1. ## Integration Help

Can someone confirm that the following is correct:

∫〖[e^(-nx) ][x^(s-∞-2)] 〗 dx , limits from x=1 to x=infinity, n is some real integer>=1, and 0<Re(s)<1

What I want to know is, because the equation vanishes for all "x" in the interval x=1 to x=infinity, excluding x=1, can I just bind (e^(-nx)) to e^(-n(1)), leaving:

∫〖[e^(-nx) ][x^(s-∞-2)] 〗 dx=(e^(-n))*∫〖[x^(s-∞-2)] 〗 dx

Any help would be much appreciated.

2. Originally Posted by rman144
Can someone confirm that the following is correct:

∫〖[e^(-nx) ][x^(s-∞-2)] 〗 dx , limits from x=1 to x=infinity, n is some real integer>=1, and 0<Re(s)<1

What I want to know is, because the equation vanishes for all "x" in the interval x=1 to x=infinity, excluding x=1, can I just bind (e^(-nx)) to e^(-n(1)), leaving:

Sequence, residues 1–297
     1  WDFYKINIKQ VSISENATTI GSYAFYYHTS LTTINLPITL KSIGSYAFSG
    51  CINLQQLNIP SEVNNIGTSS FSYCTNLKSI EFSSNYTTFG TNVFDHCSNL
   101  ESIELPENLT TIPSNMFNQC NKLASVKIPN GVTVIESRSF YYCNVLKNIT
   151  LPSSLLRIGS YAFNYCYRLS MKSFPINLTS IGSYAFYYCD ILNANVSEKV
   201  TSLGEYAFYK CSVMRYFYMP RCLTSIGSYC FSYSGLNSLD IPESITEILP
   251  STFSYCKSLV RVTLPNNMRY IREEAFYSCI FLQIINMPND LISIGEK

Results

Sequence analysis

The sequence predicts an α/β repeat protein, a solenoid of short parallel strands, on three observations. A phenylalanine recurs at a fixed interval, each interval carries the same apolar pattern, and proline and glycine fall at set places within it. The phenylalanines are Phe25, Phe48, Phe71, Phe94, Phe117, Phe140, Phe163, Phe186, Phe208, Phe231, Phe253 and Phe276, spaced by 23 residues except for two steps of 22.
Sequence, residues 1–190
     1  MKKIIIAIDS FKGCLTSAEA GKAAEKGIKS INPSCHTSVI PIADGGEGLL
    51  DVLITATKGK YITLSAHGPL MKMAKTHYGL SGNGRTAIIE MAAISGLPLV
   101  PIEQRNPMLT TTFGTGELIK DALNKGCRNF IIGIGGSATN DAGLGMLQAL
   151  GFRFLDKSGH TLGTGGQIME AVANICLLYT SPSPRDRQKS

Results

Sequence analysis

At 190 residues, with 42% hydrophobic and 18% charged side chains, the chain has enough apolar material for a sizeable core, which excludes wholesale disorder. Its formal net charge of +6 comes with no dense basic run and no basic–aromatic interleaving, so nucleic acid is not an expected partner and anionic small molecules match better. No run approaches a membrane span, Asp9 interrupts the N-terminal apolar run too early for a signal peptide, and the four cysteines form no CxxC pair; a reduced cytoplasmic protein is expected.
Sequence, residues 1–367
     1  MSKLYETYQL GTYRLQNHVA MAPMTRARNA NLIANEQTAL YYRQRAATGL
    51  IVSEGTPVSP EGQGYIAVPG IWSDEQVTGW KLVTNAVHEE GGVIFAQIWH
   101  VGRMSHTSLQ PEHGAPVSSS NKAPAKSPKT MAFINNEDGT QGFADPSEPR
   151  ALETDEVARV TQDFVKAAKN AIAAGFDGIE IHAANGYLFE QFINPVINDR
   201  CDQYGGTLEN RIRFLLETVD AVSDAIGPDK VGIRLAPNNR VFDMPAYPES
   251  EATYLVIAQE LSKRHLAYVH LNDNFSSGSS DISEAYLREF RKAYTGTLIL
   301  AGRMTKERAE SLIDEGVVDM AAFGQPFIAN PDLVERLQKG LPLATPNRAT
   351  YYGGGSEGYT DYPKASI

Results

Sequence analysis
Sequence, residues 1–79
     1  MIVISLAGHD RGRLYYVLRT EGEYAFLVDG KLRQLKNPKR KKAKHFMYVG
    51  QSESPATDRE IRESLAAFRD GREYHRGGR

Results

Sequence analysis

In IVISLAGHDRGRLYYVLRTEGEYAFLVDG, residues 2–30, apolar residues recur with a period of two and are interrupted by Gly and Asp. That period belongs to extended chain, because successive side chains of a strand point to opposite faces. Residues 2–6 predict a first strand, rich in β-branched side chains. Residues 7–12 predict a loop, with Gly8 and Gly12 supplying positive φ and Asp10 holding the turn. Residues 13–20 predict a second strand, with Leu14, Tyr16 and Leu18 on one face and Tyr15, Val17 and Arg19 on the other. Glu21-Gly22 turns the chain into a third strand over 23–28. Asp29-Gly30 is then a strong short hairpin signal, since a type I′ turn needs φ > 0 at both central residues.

∫〖[e^(-nx) ][x^(s-∞-2)] 〗 dx=(e^(-n))*∫〖[x^(s-∞-2)] 〗 dx

Any help would be much appreciated.
You can't take $e^{-n}$ out as a constant. It's a function of x $e^{-nx}$.

I know the value is a function, but on that particular interval, isn't the substitution allowed? Basically, if on that interval, the only meaningful solution occurs when x=1, why can't I just substitute the one in and let the value act as a constant e^-n?